Webb started the bidding at $50,000, “and it immediately went to $150,000. It sort of stumbled around until it went over $200,000.” Webb kept bidding, up to $230,000, unsure where he’d get that extra $130,000, but he’d worry about that later. But when bidding reached $260,000, Webb bowed out. A telephone bidder had won the plane. “So I walked away. My emotions were all over the place.”

An hour into his drive home, his cell phone rang. It was a Mecum executive. “He said, ‘Hey, the phone bidder backed out, do you want it?’ And I told him sure, for the right price.” Negotiations ensued, until the Mecum employee mentioned that they’d have to cut the seller a check for $234,000. The call ended.

A few minutes later, the phone rang again. It was Dana Mecum, the auction house’s founder and president, trying to save the deal. “I told him that I was willing to spend $100,000 on the plane. I said, ‘If you’re willing to carry the rest of it, I’ll give you the hundred thousand and I’ll buy it for $234,000, but you’re going to have to finance it, and give me some time to pay it back.’ And he said, ‘Yep, done.’ That way they saved face—they sold the Elvis jet!—and I was able to get my terms on the financing for my business.”

Wait, what is his business, exactly?


It’s all YouTube, producing at least one airplane video a week, usually more. Webb only got his pilot’s license in 2020, during the pandemic, primarily so he could fly up to Jacksonville once a month, where he had to report as a member of the Florida Air National Guard. The drive is almost five hours one way, but it’s a one-hour flight. Webb bought a Piper Cherokee 180, sight unseen: “I had never even sat in a little airplane before.” He took his training in the Piper. Aviation gas was “crazy cheap” during the pandemic, he said. “I was flying three, four, five times a week.”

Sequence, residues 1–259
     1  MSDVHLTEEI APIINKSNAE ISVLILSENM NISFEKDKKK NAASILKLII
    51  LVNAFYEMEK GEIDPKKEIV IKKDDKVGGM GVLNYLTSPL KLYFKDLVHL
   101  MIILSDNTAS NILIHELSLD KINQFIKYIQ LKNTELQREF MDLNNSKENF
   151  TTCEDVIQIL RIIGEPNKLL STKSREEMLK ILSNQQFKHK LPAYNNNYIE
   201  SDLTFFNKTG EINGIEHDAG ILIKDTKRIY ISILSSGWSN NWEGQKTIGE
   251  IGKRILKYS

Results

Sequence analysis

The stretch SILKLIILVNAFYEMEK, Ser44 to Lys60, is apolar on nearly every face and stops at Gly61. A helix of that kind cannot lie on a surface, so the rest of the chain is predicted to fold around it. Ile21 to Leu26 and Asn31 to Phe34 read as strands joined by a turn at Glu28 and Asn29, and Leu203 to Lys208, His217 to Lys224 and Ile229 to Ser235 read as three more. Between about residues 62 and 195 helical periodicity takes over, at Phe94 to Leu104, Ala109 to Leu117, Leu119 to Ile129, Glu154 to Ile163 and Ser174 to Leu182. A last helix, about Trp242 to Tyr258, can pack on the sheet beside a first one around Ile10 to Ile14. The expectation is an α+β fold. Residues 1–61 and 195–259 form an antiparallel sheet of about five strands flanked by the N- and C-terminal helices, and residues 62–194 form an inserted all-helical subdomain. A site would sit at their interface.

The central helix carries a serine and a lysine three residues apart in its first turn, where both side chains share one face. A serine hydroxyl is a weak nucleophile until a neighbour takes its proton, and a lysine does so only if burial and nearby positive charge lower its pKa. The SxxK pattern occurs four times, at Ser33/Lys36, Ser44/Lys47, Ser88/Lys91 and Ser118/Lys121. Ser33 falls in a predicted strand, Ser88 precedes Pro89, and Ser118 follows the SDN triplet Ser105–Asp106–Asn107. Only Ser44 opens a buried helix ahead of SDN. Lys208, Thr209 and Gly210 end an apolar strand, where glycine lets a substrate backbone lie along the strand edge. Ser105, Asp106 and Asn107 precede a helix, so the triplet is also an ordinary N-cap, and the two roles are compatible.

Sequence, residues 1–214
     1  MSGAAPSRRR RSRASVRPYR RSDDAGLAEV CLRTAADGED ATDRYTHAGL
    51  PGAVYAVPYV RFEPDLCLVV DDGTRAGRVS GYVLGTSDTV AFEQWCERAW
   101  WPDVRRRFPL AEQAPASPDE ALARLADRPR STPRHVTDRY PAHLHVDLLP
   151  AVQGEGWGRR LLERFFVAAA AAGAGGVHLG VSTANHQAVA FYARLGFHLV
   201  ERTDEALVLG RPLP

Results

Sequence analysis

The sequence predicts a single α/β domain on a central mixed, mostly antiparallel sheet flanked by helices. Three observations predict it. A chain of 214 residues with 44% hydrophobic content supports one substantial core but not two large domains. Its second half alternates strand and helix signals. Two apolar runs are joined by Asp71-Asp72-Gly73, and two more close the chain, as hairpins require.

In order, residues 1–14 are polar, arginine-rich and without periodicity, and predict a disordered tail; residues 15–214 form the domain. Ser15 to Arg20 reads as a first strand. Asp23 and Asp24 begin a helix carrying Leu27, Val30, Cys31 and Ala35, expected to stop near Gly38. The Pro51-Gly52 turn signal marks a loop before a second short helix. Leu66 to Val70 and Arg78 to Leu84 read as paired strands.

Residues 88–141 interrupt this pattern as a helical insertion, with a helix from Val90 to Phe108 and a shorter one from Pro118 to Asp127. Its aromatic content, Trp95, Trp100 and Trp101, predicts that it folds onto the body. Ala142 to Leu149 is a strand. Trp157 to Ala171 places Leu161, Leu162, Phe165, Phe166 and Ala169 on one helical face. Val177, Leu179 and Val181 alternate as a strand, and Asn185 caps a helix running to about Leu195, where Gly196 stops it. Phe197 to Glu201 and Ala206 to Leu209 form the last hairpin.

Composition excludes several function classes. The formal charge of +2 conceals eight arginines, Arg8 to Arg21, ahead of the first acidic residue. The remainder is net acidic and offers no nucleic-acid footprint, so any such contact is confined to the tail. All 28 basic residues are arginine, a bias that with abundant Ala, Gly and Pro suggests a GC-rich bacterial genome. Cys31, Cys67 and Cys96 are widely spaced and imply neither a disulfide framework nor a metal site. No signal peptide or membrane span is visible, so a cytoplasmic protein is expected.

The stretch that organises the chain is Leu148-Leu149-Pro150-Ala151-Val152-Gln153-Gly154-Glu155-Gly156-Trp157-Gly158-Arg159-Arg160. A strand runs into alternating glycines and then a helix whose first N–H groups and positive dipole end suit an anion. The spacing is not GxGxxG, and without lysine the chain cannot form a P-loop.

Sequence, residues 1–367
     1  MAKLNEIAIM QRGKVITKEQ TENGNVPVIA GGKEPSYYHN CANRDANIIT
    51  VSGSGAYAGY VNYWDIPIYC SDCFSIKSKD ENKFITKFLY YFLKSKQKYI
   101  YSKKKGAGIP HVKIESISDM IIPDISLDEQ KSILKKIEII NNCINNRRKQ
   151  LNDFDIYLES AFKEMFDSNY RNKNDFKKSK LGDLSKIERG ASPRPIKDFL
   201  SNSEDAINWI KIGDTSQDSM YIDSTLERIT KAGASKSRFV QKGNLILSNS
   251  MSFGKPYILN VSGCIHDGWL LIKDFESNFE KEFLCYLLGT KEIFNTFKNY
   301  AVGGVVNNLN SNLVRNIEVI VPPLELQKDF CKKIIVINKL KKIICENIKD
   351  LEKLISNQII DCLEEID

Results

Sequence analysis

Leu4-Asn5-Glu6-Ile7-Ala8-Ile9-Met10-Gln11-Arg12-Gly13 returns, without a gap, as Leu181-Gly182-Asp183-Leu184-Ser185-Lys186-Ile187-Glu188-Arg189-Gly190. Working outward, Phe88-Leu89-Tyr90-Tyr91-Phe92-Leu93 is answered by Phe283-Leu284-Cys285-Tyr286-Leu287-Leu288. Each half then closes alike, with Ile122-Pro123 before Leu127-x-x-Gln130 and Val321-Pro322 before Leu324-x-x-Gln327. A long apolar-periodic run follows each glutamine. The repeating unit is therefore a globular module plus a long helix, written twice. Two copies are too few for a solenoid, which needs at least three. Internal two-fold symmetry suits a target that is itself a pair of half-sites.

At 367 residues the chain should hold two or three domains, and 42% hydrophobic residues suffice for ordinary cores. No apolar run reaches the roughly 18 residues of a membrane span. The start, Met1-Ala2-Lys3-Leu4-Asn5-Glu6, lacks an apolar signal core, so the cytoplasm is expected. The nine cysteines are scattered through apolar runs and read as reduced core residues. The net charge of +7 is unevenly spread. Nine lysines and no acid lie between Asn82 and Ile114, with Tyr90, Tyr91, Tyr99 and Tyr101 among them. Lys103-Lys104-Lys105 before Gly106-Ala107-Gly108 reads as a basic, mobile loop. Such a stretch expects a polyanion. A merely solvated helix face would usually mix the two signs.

He was far more taken with flying and airplanes than he expected to be. He bought his first zombie airplane, planning to fix it up and flip it, something he’d done with classic cars. “I took a video of me, not thinking anything of it—‘Hey, if you want to see me go bankrupt fixing up old airplanes, stay tuned!’—and people seemed to like it. That video led to another one, then another, but I still never thought anything about it. That was in January of 2021.”

Shortly after, Webb was trying to decide what to do to earn some money. He had a roofing and construction company when he lived in Colorado. The company had grown dramatically after a promotion in which he offered customers an AR-15 rifle with each new roof. He changed the name of his company from Weather Proof Roofing to Business boomed. He sold his company and moved his family of five to Florida to be near beaches and close relatives.